The chromatic scale starting from C is C C# D D# E F F# G G# A A# B in sharps and C Db D Eb E F Gb G Ab A Bb B in flats. When C is our key, C = root, D = 2nd, E = 3rd, F = 4th, G = 5th, A = 6th, B = 7th. You can sharpen or flatten those notes, but for example Eb is still a 3rd and F# is still a 4th when compared to C. Learn about interval qualities and you will understand what a minor 3rd or an augmented 4th means.

Let's do the same thing in G. So let's start the chromatic scale from G. In sharps, G G# A A# B C C# D D# E F F#, in flats, G Ab A Bb B C Db D Eb E F Gb. Now G = root, A = 2nd, B = 3rd, C = 4th, D = 5th, E = 6th, F = 7th.

But the key of G major will make more sense if you just look at the G major scale. The chromatic scale always has the same 12 notes in every key. Those are all of the notes that we have in western music.

I don't know what you mean by the "violin G key". The keys are the same for all instruments.

The advantage of guitar is that the same shapes apply to all keys, and it's also logical because one fret = one half step. I think on guitar it makes sense to learn how to build the major scale first. Learn the major scale on one string first. The pattern is whole, whole, half, whole, whole, whole, half. So, there is a half step between the 3rd and 4th notes and the 7th and 8th (= 1st) notes of the scale, and a whole step between all of the other notes in the scale.

This is what the major scale looks like played on one string:

| R |   | 2 |   | 3 | 4 |   | 5 |   | 6 |   | 7 | R |


For example starting from an open string:

R    2    3  4    5    6    7  R

0----2----4--5----7----9----11-12


As you can see, there is a half step between the 3rd and 4th notes and the 7th and 8th notes of the scale. You can play this starting on any string (or any fret).
Quote by AlanHB
Just remember that there are no boring scales, just boring players.

Gear

Bach Stradivarius 37G
Charvel So Cal
Fender Dimension Bass
Hartke HyDrive 210c
Ibanez BL70
Laney VC30
Tokai TB48
Yamaha FG720S-12
Yamaha P115
Last edited by MaggaraMarine at Dec 20, 2016,
#5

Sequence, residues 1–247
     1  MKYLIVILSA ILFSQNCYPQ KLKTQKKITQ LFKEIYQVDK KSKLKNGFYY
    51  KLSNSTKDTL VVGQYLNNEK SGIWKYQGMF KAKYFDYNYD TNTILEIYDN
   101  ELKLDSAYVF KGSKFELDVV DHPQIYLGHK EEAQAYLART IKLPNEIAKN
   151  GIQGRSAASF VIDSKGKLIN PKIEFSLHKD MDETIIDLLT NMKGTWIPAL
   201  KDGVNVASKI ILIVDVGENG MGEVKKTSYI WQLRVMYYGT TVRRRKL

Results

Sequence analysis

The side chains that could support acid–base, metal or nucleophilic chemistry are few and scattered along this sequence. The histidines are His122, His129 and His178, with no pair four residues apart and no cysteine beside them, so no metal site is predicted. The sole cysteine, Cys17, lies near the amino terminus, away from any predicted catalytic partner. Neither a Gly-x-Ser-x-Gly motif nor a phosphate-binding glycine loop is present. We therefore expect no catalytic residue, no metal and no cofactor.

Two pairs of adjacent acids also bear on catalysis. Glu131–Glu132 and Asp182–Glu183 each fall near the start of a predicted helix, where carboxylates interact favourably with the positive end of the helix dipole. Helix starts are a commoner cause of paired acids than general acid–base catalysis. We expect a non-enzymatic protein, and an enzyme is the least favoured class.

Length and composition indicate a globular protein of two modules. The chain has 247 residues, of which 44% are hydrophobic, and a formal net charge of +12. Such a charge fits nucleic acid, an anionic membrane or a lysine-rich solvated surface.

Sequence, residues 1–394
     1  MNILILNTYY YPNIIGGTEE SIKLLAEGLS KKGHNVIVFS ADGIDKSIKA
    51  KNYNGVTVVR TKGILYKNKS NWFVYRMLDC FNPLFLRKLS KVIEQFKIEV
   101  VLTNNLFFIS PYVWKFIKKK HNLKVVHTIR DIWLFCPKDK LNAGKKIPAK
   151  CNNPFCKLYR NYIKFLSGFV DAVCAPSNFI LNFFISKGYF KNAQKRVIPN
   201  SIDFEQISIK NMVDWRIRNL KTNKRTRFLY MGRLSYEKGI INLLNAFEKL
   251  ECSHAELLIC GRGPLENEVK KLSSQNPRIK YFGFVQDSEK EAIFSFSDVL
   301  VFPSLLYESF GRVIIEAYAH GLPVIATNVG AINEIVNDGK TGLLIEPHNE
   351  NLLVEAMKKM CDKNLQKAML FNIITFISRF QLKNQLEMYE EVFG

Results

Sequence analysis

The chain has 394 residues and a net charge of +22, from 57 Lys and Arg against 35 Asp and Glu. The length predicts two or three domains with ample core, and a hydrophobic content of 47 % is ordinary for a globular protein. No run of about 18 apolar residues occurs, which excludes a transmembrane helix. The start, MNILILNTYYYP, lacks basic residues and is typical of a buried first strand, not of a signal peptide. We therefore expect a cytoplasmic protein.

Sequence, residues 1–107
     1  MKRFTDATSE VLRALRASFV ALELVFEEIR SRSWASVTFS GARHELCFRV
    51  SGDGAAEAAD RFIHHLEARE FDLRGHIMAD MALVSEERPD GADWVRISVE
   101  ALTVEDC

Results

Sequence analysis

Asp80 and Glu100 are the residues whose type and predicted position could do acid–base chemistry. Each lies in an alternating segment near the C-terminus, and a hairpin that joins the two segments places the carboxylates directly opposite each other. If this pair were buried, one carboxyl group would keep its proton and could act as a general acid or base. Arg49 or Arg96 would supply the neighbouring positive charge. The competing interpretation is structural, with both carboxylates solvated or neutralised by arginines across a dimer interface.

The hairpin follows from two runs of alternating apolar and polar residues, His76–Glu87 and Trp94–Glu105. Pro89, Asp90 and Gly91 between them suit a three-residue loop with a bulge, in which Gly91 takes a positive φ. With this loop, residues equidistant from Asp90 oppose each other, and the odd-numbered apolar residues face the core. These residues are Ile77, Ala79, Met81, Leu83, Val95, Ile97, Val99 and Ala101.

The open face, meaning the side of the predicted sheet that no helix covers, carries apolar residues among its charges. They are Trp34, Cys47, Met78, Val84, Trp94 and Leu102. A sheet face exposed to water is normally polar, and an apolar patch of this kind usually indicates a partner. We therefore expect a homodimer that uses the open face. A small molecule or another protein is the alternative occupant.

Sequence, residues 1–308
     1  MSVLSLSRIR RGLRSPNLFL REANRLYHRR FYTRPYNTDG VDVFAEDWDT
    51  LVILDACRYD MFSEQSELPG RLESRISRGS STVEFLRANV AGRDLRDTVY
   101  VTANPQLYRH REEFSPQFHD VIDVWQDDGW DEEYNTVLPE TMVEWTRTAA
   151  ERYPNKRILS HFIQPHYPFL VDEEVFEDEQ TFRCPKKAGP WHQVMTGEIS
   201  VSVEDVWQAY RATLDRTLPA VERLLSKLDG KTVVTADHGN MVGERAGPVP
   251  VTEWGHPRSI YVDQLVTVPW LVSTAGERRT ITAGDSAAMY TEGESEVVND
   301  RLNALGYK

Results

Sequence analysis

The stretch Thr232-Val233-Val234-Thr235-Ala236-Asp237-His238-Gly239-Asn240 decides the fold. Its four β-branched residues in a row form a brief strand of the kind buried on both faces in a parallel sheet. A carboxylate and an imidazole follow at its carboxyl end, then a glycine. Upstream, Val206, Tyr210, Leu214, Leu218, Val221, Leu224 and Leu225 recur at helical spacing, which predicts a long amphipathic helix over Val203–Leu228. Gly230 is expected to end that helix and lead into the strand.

MaggaraMarine
NSpen1
NeoMvsEu
Thanks, pretty helpfull!
What i mean with violin G key is this:
http://0.tqn.com/d/piano/1/S/8/K/-/-/GL_treble-clef.png

According to my book it is called the violin key becouse thats the instrument the key was first used but it can also be called the G key.
But i'm still wondering... are we talking about the same thing here? after seeing my picture, maybe i've got a wrong idea of what a key signature is.
And also, how to can i find out in what key a song is? any formula to follow. The reason why i'm still confused is becouse i've heard people say a song is in the A key but when i check the guitar pro tab for it the key signature on that bar where the notes are its still that G key (violin), and when i double click it it says G2.

So either they are wrong about the key or i'm missing something here...
#6
Their terminology is bad. It's the treble CLEF, not key, also known as the G clef. Violin use is a coincidence; its origins date back further.

If you look at the sign, it looks like a stylized G.

Finding the key: if not the most common note in melody, the harmony will tell you more. One step at a time!

(Tbf, clef is "key" in French. However, they are different concepts, albeit related)
#7
NeoMvsEu
I think i may have found the problem, My native language and english combined....
The CLEF as you say, is litteraly in my language "key", and i think the other "key" as it is in english may also be reffered to as root note or something alike, for my understanding.
I think that for now, i can put aside the idea that i very much need the clef right now.

if i got this diffrence correct now it would be a burden off my shoulders
#8
Yeah, it's just the treble clef, you don't need to worry about that! Pretty much all guitar tracks in Guitar Pro are going to use the treble clef, unless you have like an 8 string guitar which is tuned so low you need a bass clef.

The key signature is quite different, it's denoted by the number of sharps or flats which appear next to the clef. There may be none in which case the key signature is C major or A minor (or the person didn't put one into the tab!)
e.g. 3 sharps = A major / F# minor as seen here
https://en.wikipedia.org/wiki/Key_signature
#9
The clef just shows where a certain note is on the staff. There are three different clefs (G clef, C clef and F clef) and they are used for different instruments. Some instruments may have to read all three of them. But yeah, if you are not going to read notation, the clef doesn't really matter. You can use any of the clefs and play in any key you like. G clef doesn't mean you need to play in the key of G. It just shows you where the G note is on the staff. (BTW, I have never heard of anyone referring to the treble clef as "the G violin clef".)

If you are interested, read the Wikipedia article:

https://en.wikipedia.org/wiki/Clef


Yeah, clef is called "key" in Finnish too so I understand the confusion.
Quote by AlanHB
Just remember that there are no boring scales, just boring players.

Gear

Bach Stradivarius 37G
Charvel So Cal
Fender Dimension Bass
Hartke HyDrive 210c
Ibanez BL70
Laney VC30
Tokai TB48
Yamaha FG720S-12
Yamaha P115